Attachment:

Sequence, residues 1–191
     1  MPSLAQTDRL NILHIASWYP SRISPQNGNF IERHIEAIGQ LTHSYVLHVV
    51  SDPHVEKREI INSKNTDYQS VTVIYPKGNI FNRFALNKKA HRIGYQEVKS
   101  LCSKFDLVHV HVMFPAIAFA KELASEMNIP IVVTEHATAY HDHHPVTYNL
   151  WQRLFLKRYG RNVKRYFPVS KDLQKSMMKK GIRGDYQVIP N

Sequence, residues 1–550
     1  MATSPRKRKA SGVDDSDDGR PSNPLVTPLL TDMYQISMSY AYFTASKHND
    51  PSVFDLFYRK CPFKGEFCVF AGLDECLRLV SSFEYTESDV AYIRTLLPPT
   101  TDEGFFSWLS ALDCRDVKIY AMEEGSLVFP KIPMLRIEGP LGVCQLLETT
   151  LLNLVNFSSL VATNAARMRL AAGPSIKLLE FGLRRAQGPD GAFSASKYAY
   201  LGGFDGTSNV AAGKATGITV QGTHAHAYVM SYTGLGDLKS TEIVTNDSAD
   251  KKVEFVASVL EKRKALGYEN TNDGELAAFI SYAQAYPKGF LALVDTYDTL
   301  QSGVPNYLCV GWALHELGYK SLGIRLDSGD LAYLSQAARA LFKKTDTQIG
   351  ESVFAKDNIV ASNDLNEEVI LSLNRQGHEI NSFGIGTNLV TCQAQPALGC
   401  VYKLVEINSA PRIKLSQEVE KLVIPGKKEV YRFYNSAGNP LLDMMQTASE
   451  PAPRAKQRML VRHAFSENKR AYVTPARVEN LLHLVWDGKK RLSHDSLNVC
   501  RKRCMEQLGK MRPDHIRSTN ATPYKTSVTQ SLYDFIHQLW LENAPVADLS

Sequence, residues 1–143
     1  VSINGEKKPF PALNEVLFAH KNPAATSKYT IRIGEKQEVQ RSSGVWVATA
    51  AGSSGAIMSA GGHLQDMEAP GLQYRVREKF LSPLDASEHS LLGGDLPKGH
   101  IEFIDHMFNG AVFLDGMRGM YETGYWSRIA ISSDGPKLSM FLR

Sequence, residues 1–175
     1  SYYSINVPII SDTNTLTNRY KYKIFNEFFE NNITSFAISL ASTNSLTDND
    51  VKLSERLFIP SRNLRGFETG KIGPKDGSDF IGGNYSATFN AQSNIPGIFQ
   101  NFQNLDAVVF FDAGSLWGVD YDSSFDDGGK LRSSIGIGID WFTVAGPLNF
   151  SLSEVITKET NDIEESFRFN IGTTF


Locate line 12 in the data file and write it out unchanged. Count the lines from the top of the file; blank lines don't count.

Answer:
   251  KKVEFVASVL EKRKALGYEN TNDGELAAFI SYAQAYPKGF LALVDTYDTL